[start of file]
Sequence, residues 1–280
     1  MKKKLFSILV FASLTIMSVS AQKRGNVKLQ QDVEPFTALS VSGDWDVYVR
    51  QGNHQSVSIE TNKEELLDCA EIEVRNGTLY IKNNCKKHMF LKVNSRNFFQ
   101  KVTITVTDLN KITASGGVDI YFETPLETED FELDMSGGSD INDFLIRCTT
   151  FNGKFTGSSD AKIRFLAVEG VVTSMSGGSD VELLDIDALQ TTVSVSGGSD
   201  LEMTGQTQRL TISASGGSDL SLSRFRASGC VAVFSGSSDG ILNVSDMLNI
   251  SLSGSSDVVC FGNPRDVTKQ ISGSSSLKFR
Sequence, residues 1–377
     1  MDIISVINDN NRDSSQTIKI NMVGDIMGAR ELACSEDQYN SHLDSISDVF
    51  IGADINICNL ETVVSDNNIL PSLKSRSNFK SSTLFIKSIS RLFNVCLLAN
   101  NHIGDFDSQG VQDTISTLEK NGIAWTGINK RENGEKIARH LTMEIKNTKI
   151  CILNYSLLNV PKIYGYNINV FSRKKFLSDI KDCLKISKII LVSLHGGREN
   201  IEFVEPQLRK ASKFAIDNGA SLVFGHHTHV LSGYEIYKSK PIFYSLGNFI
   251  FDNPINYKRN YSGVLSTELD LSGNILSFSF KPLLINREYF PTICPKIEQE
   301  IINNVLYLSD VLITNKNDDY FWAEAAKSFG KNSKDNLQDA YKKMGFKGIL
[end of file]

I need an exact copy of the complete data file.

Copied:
Sequence, residues 1–280
     1  MKKKLFSILV FASLTIMSVS AQKRGNVKLQ QDVEPFTALS VSGDWDVYVR
    51  QGNHQSVSIE TNKEELLDCA EIEVRNGTLY IKNNCKKHMF LKVNSRNFFQ
   101  KVTITVTDLN KITASGGVDI YFETPLETED FELDMSGGSD INDFLIRCTT
   151  FNGKFTGSSD AKIRFLAVEG VVTSMSGGSD VELLDIDALQ TTVSVSGGSD
   201  LEMTGQTQRL TISASGGSDL SLSRFRASGC VAVFSGSSDG ILNVSDMLNI
   251  SLSGSSDVVC FGNPRDVTKQ ISGSSSLKFR
Sequence, residues 1–377
     1  MDIISVINDN NRDSSQTIKI NMVGDIMGAR ELACSEDQYN SHLDSISDVF
    51  IGADINICNL ETVVSDNNIL PSLKSRSNFK SSTLFIKSIS RLFNVCLLAN
   101  NHIGDFDSQG VQDTISTLEK NGIAWTGINK RENGEKIARH LTMEIKNTKI
   151  CILNYSLLNV PKIYGYNINV FSRKKFLSDI KDCLKISKII LVSLHGGREN
   201  IEFVEPQLRK ASKFAIDNGA SLVFGHHTHV LSGYEIYKSK PIFYSLGNFI
   251  FDNPINYKRN YSGVLSTELD LSGNILSFSF KPLLINREYF PTICPKIEQE
   301  IINNVLYLSD VLITNKNDDY FWAEAAKSFG KNSKDNLQDA YKKMGFKGIL